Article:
South of Roussillon

21/02/2018 09:47

Where the coast becomes sharp and, before it be called brave it is just called red, in a land surnamed La Marenda, and where the Pyrenees on its way down to the sea become soft and take the name of the Alberas.

In any case they are two logical place-names, Albera comes from the Latin alberia, meaning white, and Marenda is a derivation of marsh, rare in a coast with few beaches that is inhabited from long ago. It is believed that Port Vendres could be a Phoenician settlement and later Greek, perhaps as Agde or Rosas, not far away, but the name is Roman, Portus Veneris, the port of Venus, probably the Venus of Pyrene mentioned by Strabo, Pliny and Ptolemy. During the Middle Ages was along Collioure an important port of call for Majorca Kingdom and when its name derives to the Catalan Port Venres de Cobliure first until end up as Port Vendres.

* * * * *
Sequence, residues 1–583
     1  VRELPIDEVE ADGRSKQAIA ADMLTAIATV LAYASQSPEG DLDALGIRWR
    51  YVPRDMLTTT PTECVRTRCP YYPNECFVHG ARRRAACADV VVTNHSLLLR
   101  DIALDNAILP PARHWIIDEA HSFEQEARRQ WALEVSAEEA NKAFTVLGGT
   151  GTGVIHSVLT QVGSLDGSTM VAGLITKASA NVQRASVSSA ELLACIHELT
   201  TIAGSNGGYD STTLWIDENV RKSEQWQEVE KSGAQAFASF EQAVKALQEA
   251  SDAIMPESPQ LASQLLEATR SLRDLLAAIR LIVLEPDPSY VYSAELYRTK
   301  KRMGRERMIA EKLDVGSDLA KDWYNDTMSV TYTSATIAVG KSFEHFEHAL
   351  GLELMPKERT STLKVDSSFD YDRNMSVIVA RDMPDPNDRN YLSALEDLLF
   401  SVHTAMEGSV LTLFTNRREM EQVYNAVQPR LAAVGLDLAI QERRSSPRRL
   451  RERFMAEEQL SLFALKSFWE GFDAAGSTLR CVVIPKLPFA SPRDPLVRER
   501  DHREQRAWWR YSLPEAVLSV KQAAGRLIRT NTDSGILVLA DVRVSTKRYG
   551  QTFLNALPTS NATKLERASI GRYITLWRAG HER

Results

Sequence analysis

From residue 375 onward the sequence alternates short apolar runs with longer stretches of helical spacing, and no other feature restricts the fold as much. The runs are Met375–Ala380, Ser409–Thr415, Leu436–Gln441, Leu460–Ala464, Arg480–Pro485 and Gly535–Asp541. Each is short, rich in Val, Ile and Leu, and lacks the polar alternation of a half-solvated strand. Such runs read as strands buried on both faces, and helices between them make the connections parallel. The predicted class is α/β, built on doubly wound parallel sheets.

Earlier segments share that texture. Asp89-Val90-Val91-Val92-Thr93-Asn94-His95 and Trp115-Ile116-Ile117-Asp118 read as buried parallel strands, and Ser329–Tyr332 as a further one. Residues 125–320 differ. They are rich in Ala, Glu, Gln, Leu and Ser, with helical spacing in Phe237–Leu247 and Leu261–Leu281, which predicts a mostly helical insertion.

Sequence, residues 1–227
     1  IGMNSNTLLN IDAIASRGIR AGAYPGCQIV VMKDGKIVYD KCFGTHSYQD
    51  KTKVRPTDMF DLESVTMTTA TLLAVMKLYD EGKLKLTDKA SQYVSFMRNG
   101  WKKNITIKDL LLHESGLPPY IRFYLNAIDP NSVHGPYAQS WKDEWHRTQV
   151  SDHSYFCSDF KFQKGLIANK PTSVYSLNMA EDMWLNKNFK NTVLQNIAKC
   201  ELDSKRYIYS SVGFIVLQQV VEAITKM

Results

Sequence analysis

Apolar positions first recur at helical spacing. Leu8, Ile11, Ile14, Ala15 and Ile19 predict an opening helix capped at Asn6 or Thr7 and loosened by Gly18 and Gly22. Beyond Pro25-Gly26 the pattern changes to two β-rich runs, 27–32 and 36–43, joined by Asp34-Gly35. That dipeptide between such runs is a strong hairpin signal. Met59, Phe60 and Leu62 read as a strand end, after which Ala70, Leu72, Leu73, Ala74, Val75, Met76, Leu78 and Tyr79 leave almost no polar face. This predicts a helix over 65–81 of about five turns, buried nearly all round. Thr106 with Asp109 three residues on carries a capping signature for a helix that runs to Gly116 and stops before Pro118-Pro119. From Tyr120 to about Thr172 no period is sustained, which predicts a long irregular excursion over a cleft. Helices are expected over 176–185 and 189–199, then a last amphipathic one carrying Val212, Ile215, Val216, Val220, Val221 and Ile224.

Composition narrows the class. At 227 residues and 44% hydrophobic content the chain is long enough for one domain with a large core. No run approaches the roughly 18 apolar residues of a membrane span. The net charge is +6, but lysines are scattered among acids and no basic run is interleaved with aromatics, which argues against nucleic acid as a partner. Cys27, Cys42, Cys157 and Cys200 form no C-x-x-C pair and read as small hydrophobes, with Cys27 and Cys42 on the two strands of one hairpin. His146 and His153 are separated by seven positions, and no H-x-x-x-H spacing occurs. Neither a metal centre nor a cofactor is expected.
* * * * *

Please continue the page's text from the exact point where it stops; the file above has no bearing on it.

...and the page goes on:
Town’s Roman past is reflected in the many traces of maritime trade of the age that have been collected. In 1929 the wreck of a Roman vessel was discovered, but it was not until 1953 that submarine excavations were systematically taken and the Groupe de Recherches Sous-Marines du Roussillon was founded. A coin of the Emperor Constantine made it possible to date the time of this shipwreck.